Archive for the ‘Birthday’ Category

Service of Attacking the Blues by Chatting with Strangers

Thursday, July 4th, 2024

The day I shot this was the delivery man’s birthday.

I’ve made a conscious effort of saying nice things to select strangers on the street and other places to counteract the blues fomented by current political turmoil and strife. I’ve always remarked on adorable dogs—all of them are, even the ugly ones. Sometimes dog owners thank or smile and other times they walk on without comment. Maybe they didn’t hear me or were in a rush or they don’t speak English or are a dog walker and not invested in the pooch at the end of the leash.

I’ve discovered that speaking up cheers me. I try to make the gloomiest looking cashiers smile—if not laugh. It often works.

Warning in NYC: You must be prepared for no response or reaction.

Yesterday I said, “beautiful day,” to a young man who was unloading a bunch of packages from his truck to fill a giant container on wheels slated for delivery to apartment buildings. He replied with a brilliant smile saying, “It is! And it’s my birthday!” so I was able to wish him a happy one and we both parted delighted.

I took a photo of the two men at the bottom of the steps of St. Patrick’s Cathedral.

People holding the SLOW or STOP signs at construction sites often appreciate a smile or a “hi.” There’s a ton of building going on in these parts.

The city is crawling with tourists, many non-English speaking. Should you want to make most of them happy, if you see one of them taking a photo of the other in front of the clock at Grand Central or at St. Patrick’s Cathedral, for example, they’ll jump at the chance to have you snap a shot of both of them. The only time I was curtly refused was by an American. I didn’t think I looked intimidating.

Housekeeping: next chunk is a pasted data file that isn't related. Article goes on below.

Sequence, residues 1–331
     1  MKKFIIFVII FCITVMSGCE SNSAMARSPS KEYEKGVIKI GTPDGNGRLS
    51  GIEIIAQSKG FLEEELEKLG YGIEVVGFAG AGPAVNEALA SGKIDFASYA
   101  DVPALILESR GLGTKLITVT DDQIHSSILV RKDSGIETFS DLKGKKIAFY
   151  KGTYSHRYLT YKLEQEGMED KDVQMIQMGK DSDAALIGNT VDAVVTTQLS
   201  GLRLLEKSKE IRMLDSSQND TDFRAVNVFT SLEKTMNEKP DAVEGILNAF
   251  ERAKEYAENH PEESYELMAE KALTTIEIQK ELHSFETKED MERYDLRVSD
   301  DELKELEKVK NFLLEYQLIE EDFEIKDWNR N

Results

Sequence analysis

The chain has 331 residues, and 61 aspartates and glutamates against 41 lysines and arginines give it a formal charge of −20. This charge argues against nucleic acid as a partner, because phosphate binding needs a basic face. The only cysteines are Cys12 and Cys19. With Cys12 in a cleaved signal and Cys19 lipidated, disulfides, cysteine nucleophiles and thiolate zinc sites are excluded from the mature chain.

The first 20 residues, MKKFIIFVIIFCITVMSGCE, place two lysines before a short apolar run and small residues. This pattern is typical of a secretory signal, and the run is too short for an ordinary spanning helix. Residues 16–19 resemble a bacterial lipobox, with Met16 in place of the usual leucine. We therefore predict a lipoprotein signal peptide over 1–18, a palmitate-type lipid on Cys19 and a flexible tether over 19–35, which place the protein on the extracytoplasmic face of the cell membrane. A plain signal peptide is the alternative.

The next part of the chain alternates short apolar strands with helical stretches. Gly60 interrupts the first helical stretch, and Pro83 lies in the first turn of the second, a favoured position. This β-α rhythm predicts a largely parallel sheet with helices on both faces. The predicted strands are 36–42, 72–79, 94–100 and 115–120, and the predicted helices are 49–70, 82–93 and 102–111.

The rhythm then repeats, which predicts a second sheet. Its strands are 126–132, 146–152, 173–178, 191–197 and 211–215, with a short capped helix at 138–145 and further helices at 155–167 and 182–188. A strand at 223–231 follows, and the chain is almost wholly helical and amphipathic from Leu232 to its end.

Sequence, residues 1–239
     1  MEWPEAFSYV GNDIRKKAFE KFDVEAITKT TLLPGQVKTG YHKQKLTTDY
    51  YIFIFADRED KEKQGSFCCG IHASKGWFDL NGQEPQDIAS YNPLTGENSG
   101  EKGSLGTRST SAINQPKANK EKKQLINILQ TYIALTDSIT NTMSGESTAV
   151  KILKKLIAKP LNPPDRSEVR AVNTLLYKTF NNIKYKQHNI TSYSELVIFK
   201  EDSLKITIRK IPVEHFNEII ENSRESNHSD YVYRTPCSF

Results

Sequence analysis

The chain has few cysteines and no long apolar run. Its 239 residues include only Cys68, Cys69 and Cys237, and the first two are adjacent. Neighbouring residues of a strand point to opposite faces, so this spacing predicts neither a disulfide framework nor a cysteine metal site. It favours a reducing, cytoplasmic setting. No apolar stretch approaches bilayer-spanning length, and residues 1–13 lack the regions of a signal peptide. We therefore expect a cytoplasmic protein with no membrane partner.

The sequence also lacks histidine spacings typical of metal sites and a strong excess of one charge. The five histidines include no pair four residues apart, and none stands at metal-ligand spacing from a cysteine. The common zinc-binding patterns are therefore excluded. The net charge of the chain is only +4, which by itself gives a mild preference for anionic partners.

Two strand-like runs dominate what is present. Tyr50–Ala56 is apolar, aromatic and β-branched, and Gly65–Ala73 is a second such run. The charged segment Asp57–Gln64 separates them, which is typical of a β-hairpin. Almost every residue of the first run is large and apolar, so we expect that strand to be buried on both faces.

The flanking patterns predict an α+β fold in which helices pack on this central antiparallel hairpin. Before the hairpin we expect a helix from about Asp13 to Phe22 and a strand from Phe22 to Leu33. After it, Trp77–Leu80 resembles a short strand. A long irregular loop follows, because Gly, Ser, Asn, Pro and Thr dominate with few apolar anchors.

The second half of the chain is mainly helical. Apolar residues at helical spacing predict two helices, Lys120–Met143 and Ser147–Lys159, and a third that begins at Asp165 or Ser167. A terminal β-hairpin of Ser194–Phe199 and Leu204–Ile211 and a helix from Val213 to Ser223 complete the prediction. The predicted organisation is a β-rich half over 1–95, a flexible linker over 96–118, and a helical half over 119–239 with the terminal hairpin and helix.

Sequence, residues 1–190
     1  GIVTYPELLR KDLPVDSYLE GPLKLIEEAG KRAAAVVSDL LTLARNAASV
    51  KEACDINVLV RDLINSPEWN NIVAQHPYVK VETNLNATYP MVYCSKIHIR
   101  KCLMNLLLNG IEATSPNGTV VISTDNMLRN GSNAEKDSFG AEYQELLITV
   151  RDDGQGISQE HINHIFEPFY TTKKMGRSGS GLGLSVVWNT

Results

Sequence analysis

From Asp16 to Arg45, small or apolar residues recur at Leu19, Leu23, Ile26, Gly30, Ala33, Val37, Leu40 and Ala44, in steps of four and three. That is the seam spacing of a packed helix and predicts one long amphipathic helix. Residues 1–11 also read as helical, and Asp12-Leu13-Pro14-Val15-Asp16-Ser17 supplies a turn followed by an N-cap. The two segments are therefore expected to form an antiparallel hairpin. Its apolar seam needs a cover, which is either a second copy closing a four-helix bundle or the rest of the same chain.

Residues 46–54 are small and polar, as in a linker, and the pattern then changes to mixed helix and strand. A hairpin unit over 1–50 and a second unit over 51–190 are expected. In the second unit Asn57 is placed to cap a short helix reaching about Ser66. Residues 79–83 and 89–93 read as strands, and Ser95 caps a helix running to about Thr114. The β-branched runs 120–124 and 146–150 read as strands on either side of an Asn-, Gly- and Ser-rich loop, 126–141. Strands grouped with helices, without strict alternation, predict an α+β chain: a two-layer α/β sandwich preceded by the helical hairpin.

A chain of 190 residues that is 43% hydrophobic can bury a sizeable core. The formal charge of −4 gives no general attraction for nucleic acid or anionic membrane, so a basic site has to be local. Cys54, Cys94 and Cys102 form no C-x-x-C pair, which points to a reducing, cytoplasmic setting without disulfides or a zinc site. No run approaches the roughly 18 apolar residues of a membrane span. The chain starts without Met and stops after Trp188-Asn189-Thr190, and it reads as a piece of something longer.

I used to let it pass but I’ve become bolder when I see someone approach and I wait–and hold open the door and they neither nod nor thank. I speak up if they are teenagers or older. And if they don’t look scary, I say, “you’re welcome.” Then, under my breath, I wish them a crummy day.

Do you speak with strangers? Does a happy reaction cheer you up?

One of the many construction sites within easy walking distance of my apartment.

Service of How Much to Spend on Gifts for Children

Thursday, July 20th, 2023

Image by OpenClipart-Vectors from Pixabay 

A reader asked Philip Galanes, who responds to reader questions on “Social Q’s” in The New York Times, if it was OK to ask guests invited to the joint birthday party for her four- and seven-year-old offspring, to donate to their 529 college savings plans instead of bringing gifts.